More on Those Confusing Overtime Exemptions

Kegler Brown E-mployment Alert

The Department of Labor has just issued two new opinion letters, the first to comment on the new overtime Regulations. One of the opinion letters dealt with the frequently misunderstood "salary" requirement and permissible deductions from a salary.

One of the requirements for most of the overtime exemptions is that the employee must be paid on a salary basis. With the exception of the eight situations allowed in the Regulations, no deductions can be made from the employee's regular salary payment. One of the exceptions is that it is permissible to deduct if the employee is absent for a full day or more (a) because of sickness or disability, and (b) the deduction is made in accordance with a plan or practice of providing compensation for earnings lost because of illness.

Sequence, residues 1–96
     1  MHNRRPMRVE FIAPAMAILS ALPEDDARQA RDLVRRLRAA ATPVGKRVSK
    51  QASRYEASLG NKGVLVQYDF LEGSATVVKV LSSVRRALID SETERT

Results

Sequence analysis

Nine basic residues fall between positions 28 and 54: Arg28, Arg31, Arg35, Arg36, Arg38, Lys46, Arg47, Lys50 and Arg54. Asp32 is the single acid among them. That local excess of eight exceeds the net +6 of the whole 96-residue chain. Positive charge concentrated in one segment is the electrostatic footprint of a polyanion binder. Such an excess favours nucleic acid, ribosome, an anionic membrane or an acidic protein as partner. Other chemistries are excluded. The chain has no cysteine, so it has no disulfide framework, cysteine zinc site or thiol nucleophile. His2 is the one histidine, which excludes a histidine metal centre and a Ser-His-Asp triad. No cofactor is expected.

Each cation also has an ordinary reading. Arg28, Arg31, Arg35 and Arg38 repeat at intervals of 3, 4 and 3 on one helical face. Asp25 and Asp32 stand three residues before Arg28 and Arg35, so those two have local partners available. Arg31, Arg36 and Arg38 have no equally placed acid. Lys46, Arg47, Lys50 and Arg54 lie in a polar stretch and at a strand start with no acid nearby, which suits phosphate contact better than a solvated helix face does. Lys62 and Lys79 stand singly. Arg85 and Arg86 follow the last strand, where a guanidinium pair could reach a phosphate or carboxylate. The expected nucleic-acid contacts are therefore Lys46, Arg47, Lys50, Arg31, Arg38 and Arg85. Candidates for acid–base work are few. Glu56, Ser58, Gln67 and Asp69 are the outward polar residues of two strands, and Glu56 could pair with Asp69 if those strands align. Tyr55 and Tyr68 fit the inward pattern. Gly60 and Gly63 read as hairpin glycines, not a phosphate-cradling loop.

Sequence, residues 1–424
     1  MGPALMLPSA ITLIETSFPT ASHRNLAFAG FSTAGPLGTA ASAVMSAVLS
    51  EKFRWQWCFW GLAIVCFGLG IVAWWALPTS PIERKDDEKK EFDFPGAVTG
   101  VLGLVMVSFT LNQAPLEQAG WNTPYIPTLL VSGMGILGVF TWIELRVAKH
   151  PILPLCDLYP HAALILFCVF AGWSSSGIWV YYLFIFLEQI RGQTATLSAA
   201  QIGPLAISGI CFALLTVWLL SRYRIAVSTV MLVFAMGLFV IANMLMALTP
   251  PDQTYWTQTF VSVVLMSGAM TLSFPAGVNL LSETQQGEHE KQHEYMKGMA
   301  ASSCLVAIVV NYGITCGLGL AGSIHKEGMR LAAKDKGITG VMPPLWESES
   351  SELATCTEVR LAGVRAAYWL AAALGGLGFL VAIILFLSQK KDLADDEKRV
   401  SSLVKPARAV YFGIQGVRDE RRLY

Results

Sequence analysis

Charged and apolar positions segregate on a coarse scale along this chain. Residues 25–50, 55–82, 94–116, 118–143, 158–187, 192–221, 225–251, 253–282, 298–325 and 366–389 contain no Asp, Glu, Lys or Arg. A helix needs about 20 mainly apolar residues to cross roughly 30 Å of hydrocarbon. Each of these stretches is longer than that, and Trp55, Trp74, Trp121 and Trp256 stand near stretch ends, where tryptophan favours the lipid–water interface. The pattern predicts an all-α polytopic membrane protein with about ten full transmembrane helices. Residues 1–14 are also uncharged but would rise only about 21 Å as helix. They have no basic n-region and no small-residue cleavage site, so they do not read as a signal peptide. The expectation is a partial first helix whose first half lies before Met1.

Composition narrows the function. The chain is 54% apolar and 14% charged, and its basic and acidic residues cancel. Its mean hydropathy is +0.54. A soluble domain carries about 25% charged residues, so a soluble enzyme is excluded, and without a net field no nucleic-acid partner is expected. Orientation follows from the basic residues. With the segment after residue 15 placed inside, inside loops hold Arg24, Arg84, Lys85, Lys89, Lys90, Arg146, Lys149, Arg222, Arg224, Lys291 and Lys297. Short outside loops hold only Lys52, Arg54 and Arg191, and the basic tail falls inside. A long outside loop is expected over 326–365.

The Department's opinion letter concerned a Paid Time Off (PTO) plan. (PTO plans usually provide a set amount of paid time that employees can use when they are absent, whether the absence is vacation, illness, or personal.) The opinion letter stated that employers can reduce an exempt employee's salary payment, and make up the difference out of the PTO account, even if the absence is for less than a full day. In other words, the employer can charge the absence against the employee's accrued PTO account, for full or partial day absences, and pay the employee compensation for the week that is a combination of salary for time worked and PTO benefits for the remainder of the full salary payment. The PTO account can be reduced because of the payments without affecting the employee's exempt status.

However, it is important to remember that if the employee has used all of his or her accrued PTO time, the employee's salary can only be reduced where the employee is absent for full day increments (unless, of course, one of the other grounds for permissible deductions exists).